You tell me about the seasons

You talk to me about the seasons, who is it? Who is the author of the book You speak to me of the seasons? What is the subject and main idea of ​​”Sen Tell Me About the Seasons”? What is the book Are you talking about the seasons about? Tell me about the seasons Do you have a PDF download link? Who is Gilbert Sinoué, author of Tell me about the seasons? Here is the summary, lyrics, comments and review of the book Sen, tell me the seasons…


book label

Writer: Gilbert Sinoue

Translator: Ali Cevat Akkoyunlu

Original name: days and nights

Editor: Dogan Books

ISBN: 9789752931275

Number of pages: 238

You talk to me about the seasons, what does that say? Topic, main idea, summary

This story begins in Argentina, in Buenos Aires. Year 1930. Our hero is a rich breeder: Ricardo Vacarezza. A young man about to get married. But his fiancée is not the woman of his dreams. In his dreams, he always meets a woman who will tear him away from the life he leads. Nightmares surround their nights. A woman emerges from nightmares. A quest then begins.

A journey from Argentina to Greece, to the islands… The journey is not only between countries, but also out of time… It’s a journey back 3,000 years ago.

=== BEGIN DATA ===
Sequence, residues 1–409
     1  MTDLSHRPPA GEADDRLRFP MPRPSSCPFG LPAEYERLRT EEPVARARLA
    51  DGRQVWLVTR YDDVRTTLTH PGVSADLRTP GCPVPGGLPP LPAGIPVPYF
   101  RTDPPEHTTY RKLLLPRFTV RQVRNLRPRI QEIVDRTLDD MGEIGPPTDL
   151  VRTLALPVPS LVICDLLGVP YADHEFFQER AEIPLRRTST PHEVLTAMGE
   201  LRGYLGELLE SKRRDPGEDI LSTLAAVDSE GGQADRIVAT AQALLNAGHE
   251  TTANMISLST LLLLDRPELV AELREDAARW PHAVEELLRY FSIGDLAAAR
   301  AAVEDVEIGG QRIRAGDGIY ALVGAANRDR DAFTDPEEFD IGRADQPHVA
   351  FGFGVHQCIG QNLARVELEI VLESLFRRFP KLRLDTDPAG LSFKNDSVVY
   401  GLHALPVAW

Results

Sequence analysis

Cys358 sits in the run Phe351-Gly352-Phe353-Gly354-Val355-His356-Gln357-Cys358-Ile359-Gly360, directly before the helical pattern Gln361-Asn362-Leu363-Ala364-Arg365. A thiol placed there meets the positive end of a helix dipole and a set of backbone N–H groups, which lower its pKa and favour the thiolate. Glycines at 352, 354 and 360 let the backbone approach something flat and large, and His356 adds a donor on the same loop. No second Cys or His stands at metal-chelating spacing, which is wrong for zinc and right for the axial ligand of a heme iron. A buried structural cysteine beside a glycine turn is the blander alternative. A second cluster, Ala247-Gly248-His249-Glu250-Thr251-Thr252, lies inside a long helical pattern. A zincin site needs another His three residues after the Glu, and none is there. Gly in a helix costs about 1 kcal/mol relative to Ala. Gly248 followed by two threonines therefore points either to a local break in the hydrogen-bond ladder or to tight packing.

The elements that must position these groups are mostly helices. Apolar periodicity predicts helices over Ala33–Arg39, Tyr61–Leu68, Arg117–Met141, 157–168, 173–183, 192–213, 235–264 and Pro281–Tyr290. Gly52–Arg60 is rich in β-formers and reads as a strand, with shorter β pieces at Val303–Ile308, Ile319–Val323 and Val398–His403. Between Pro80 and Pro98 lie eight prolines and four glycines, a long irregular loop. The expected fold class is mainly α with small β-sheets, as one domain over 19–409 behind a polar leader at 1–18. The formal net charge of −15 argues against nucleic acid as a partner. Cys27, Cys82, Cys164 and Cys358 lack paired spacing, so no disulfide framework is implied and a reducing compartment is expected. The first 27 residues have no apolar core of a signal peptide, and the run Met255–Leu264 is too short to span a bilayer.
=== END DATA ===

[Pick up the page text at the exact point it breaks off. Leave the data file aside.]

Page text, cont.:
Gilbert Sinoué’s novel, “You tell me about the seasons”, which will remain in your palace, questions the existence of “eternal life”. “Is it possible to be born again? he asks. In the meantime, he is quietly following in the clumsy footsteps of the psychoanalysis of the 1930s. So, are there loves in this world that transcend seasons, years, centuries? The book is about such a big, enduring, and strong love and passion. In short, a wise adventure and an endless love await those who will read the novel.

Tell Me About The Seasons Quotes – Lyrics

  • When a person loves, the balance of daily life is disturbed. Borders are removed. If you can’t cross the line and just get closer, that’s not love.
  • If happiness has a price, this price must be lower than the pleasure of happiness.
  • If you look long enough into a black hole, finally, at the bottom of the hole, you see the eye looking at it.
  • An hour, a minute, a day. These are the concepts of city dwellers, cheerleaders. Tell me about the seasons. Don’t you know that time is an illusion created by captives?
  • Death doesn’t matter. What matters is how we live. Keep that in mind. Hell is the dates you miss.
  • The dream is the logic of one, if it is real, the madness of all.
  • Whatever you do, remember: the dream is a person’s logic. This is the real madness of everyone!
  • The mind can see every part of the universe. However, the vast majority of people are blind. Some out of arrogance, some out of greed, some out of the futile necessities of daily life.
  • He who does not listen to his dreams does not listen to his soul. It would be awful too. Because the soul becomes sad, so sad that one day it decides to leave us. This is why man dies. He dies because of a very sad soul. So if you want a little immortality for yourself, listen to your dreams.
  • Sickness, death, despair, loneliness are all caused by the soul’s unfulfilled desires.
  • Every effort must have a price.
  • Only fools don’t change their minds.
  • Death doesn’t matter. What matters is how people live. Keep this in mind, senor: Hell is the dates we miss.

Tell me about the review of the seasons – Personal opinions